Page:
Ontario’s craft brewers deserve better access

January 14, 2015
By

BeerIt seems there’s a new one springing up somewhere every week.

Upstart craft beer makers, brew pubs and microbreweries are everywhere now, riding a wave of popularity among beer drinkers who want more variety and flavour from their suds.

But getting their products on store shelves in this province is another matter.

In Ontario, the near-monopoly enjoyed by the LCBO and the Beer Store can mean the province’s growing number of craft brewers still face too many obstacles trying to get their beer to the beer-drinking public.

The Beer Store, which objects to the suggestion they’re anything close to a monopoly, knows craft beer is a growing segment of its business, and has been expanding the amount of made-in-Ontario options.

But craft beer makers complain they’re not doing enough to offer consumers access to their locally made brews.

They’re offered a tiny slice of the pie, while the vast majority of shelf space goes to the same mega-brands that are owned by the foreign companies running the Beer Store.

Small craft brewers say they’re forced to work within what’s essentially an unfair system, which basically gives three massive, foreign-owned competitors (AB InBev, MolsonCoors, and Sapporo) the power to restrict the little guy’s sales.

They say the Beer Store’s listing fees can be prohibitively expensive, and complain that rules around packaging and quantities mean they can only offer a fraction of the beer they’re brewing.

But a new report by a provincial advisory panel on government assets recommends some ways to improve things for Ontario’s craft beer industry. They suggest, among other things, that the Beer Store start sharing a greater portion of the significant profits generated by the government-sanctioned private monopoly.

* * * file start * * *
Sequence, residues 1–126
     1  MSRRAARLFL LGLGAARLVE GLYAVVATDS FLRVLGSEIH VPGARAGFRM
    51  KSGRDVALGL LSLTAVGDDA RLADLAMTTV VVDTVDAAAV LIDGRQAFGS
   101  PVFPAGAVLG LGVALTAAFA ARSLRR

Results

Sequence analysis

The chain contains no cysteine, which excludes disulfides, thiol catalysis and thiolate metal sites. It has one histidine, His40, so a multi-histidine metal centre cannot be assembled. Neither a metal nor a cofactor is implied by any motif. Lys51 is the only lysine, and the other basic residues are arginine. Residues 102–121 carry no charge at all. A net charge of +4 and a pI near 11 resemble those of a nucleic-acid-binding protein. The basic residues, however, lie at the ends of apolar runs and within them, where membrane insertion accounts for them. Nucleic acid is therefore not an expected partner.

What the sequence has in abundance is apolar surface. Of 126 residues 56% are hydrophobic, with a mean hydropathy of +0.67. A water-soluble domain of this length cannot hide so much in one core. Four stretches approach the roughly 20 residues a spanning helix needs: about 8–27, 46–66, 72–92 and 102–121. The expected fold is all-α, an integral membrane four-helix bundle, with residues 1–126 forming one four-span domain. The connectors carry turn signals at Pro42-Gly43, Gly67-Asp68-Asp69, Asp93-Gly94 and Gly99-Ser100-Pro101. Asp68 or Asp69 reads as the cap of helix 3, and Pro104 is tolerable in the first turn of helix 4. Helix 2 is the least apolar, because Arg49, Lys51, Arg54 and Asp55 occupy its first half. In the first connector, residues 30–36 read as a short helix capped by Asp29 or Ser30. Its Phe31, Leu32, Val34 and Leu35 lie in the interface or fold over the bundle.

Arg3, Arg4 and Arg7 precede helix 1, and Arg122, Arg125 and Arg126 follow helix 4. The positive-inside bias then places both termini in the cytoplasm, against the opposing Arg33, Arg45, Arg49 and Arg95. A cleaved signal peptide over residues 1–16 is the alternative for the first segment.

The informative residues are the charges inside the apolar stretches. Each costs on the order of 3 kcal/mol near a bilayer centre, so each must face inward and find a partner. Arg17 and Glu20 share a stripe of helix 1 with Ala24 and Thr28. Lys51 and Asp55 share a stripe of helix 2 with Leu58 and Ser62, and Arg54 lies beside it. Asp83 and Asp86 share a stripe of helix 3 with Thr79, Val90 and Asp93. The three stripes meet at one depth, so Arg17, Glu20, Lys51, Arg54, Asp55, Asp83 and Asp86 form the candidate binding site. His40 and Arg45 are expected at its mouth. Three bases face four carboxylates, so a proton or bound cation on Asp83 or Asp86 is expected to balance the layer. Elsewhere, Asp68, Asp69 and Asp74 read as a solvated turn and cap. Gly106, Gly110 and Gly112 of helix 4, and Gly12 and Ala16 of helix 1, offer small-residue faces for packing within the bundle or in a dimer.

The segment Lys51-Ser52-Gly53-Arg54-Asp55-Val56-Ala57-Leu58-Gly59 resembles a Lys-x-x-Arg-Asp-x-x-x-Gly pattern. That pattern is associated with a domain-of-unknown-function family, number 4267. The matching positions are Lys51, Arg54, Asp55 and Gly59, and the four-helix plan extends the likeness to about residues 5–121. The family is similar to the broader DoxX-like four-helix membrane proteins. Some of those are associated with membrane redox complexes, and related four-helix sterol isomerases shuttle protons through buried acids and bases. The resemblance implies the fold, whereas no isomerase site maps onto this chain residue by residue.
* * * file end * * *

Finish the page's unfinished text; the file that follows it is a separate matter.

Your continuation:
More importantly for smaller brewers, the panel suggests introducing more competition into the way Ontarians buy beer, including “the possibility of opening a limited number of stores featuring craft beer.”

They also say the LCBO should be allowed to sell 12-packs of beer instead of just six-packs. That would help craft brewers, though cases of 24 would still be exclusively sold at the Beer Store.

The Beer Store, not surprisingly, isn’t thrilled with the idea of any changes that would increase the competition they face. They’re pushing back, just as they warned selling beer in convenience stores would bring higher prices, reduced selection, and less ability to keep alcohol out of the hands of minors.

Last month, the president of Canada’s National Brewers, which runs the 448 Beer Stores across Ontario, warned consumers would pay directly for any such changes.

Jeff Newton told the Toronto Star that “adding new taxes to The Beer Store and selling larger packs at the LCBO, where government adds another $4.95 to every case of beer, is a recipe for higher beer prices.”

The Beer Store, of course, does some things very well. It runs a strong recycling program and is skilled at getting big brands distributed to bars and restaurants across Ontario. But its critics charge it has been slow to adapt to the changing tastes of consumers in this province.

Because the Beer Store controls so much of the distribution system in Ontario, smaller craft brewers complain it can prevent them from growing into larger companies. They have the demand from customers and support from banks, but don’t have a good way to get their beer into the hands of the people who want them.

Ontarians clearly have a growing taste for made-in-Ontario craft beers. That’s why a lot of people think it’s high time we start making it easier for our own domestic producers to sell us their suds. I’ll drink to that, too.

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